The NBA recovers from a wardrobe malfunction

by Lauren Cartwright

Remember back in the day ‘— in the early ’90s ‘— when the NBA was in its prime with Michael Jordan still burning up the nets? Remember when players argued over bad calls instead of record deals? Remember when Charlotte had the Hornets?

I used to watch NBA games. Jordan, Scottie Pippen, David Robinson ‘— all heroes that I looked up to when I dribbled on the hardwoods. I played ball before there was a WNBA for young girls to worship. I spent many hours with my teammates trying to dunk. Okay so we never even came close to the rim, but kids can dream. I wanted to be ‘like Mike.’ But I eventually lost my height advantage and decided to take up soccer instead.

Over the years I’ve realized that professional sports aren’t all that grand. The glimmer has been tarnished by the leagues, especially the NBA. I’ve become more of college sports fan, generally cheering for the color of uniforms I like best.

One NBA game I did catch was the infamous brawl, I mean, game between the Pistons and the Pacers last season. I like a good fistfight, but that incident just turned me off of the NBA even more. The most infuriating part was Ron Artest’s attitude of ‘“Oh well, I might be suspended, but now I can promote my rap album.’”

But with the NBA’s commissioner David Stern laying down some rules for his teams, I might have a newfound respect’— no that’s not the right word ‘— how about curiosity for the league. I’ve read that some franchises already have dress codes for their teams, but this ruling encompasses the whole league.

Stern’s rules are set to go into effect on Nov. 1. The guidelines must be adhered to at team functions and includes players having to wear a collared shirt or turtleneck; dress slacks, khaki pants or dress jeans; no sneakers, flip-flops, sandals, or work boots. That means no sunglasses indoors, no headphones, no visible chains or medallions. Ouch. Allen Iverson is going to be very upset.

To these new rules, I say, ‘“Hooray!’”

The few games I have watched in the past decade, players ‘— white, black, European or Asian ‘— look like they’re hanging out in their mansions instead of attending work. Players arriving at the game, sitting on the bench not playing, and leaving after the game should look like the employees of a professional sports league. I think if you make over $3 million a year you should have to wear a clown suit if your bosses tell you to. Just think of it as a luxury tax.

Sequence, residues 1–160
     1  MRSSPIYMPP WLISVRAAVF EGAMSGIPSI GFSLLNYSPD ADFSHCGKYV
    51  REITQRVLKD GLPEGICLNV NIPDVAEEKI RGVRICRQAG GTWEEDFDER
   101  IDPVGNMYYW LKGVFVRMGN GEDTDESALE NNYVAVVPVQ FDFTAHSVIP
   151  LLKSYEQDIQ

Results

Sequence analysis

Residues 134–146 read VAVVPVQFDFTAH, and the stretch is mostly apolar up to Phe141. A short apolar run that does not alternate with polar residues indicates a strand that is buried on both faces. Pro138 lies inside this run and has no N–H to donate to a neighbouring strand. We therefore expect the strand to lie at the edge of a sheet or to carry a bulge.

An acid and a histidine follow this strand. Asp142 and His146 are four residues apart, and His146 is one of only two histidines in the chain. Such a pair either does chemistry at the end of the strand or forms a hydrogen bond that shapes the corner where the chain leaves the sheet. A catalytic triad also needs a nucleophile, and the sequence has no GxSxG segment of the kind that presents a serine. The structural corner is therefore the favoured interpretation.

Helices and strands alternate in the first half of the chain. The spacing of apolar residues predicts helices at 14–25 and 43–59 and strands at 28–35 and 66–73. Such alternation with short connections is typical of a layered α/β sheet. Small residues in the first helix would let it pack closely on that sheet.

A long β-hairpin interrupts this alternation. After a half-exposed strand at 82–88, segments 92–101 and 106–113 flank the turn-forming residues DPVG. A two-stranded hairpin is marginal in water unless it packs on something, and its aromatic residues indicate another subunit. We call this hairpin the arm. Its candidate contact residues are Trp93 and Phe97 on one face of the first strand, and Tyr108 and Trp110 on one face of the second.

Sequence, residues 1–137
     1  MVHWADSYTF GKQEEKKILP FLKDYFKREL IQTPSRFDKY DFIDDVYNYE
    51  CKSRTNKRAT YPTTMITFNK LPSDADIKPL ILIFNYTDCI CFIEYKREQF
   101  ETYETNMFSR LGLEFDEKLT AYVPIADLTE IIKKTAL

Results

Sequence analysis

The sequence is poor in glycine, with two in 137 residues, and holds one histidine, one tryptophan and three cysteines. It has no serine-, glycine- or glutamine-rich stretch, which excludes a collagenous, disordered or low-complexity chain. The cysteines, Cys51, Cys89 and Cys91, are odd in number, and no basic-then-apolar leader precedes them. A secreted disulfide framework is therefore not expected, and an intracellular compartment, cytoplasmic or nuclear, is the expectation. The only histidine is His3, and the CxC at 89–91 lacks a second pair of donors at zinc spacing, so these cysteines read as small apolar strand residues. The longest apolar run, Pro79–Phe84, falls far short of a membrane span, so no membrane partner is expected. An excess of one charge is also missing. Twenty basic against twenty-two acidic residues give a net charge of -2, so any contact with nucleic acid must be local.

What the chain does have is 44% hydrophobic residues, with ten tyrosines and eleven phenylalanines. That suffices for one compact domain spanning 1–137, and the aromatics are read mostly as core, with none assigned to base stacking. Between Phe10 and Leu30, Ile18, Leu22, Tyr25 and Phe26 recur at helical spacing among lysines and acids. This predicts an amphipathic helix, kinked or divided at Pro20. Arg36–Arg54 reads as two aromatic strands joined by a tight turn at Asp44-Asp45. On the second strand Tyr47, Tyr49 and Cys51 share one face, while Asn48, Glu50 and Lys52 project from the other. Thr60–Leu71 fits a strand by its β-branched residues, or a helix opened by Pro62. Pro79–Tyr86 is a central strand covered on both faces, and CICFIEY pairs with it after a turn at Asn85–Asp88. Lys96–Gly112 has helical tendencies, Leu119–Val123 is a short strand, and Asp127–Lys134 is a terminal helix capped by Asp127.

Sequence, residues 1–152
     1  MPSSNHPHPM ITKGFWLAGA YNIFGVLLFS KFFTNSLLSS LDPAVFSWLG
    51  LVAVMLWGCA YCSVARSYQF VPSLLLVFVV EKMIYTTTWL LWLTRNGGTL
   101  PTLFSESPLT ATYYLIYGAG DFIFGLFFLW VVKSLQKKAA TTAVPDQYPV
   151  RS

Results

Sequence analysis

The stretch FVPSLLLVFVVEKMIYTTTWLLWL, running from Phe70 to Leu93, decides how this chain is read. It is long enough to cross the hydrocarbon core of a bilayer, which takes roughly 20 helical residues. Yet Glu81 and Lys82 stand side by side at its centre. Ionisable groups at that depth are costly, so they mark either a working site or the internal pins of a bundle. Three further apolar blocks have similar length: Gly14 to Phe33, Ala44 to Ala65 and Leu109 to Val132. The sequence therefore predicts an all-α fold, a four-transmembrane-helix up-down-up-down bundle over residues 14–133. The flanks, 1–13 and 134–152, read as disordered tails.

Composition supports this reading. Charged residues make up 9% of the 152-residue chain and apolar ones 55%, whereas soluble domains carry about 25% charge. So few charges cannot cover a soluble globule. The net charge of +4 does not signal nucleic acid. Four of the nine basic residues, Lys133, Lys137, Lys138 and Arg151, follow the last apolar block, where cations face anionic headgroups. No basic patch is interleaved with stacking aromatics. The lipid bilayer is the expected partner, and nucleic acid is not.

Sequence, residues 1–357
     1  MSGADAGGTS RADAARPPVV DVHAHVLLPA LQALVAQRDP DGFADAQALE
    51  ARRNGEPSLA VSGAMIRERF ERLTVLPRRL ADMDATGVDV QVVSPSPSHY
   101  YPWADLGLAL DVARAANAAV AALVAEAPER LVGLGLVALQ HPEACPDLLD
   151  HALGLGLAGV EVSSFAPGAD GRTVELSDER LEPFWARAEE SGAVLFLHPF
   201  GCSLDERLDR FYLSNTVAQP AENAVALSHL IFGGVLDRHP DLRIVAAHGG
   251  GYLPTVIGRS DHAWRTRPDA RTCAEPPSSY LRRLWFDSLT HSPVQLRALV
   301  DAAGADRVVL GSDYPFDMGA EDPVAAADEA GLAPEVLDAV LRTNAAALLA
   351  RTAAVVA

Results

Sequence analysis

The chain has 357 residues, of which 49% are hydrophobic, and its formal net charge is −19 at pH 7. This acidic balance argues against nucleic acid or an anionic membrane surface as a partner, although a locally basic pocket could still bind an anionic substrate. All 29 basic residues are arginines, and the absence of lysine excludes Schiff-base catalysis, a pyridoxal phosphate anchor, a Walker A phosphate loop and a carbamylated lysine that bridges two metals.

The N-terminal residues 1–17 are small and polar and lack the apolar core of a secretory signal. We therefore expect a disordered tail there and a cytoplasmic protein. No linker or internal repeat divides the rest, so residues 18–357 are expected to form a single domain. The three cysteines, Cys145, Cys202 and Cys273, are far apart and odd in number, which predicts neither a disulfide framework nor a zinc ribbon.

Reportedly, the ruling has been met with mixed reviews. I personally long for the days of Michael Jordan strutting his stuff in one of those fine-ass custom-tailored suits he’s famous for wearing. It’s not like these players can’t afford to dress nicely. I’ve seen ‘“Cribs.’” I know how big those closets are. There has to be at least one suit hanging in there.

One thing that has slipped by the professional players is that being a basketball player is a job. It’s a job that doesn’t last forever, one that a player could find himself out of his contract.

If these players worked at McDonald’s or the Gap they’d be required to wear uniform by the business’s dress code.

Marcus Camby reportedly said the league should give the players a stipend for clothing. Camby plays for $7 million a year with the Denver Nuggets. I guess a pair of $30 Dockers are just too much for ya, huh, Marcus?

I would be grateful if I even could play for one season of their contract. Hell, maybe even one game.

I know they make a ton of cheddar, but just how much? Let’s look at Shaquille O’Neal of the Miami Heat. As the 2004-05 top earner, he roped in a cool $27,696,430. That’s more money than I’ll make in my entire life. That income doesn’t count endorsements and investments O’Neal has made outside of the NBA. Forbes claims he’s worth $80,821 a day. Again, what I make roughly in three years he makes in one day.

O’Neal has also released three CDs and starred in a movie, Kazaam, which I may be the only person in Greensboro to have seen. Disclaimer: I was 16 and the two brats I babysat insisted on seeing it. And it wasn’t that bad.

At Womack Newspapers, the Employee Handbook states that employees should dress in a professional manner. Not that anyone strictly adheres to it, but we do have one. I think anyone who is representing a company should dress in a respectful manner. By respectful, I mean something that your parents would approve of.

For whatever reason ‘— out of respectability or because everyone else has to wear nice clothes to work, I think ZZ Top said it best, ‘“Every girl’s crazy ’bout a sharp-dressed man.’”

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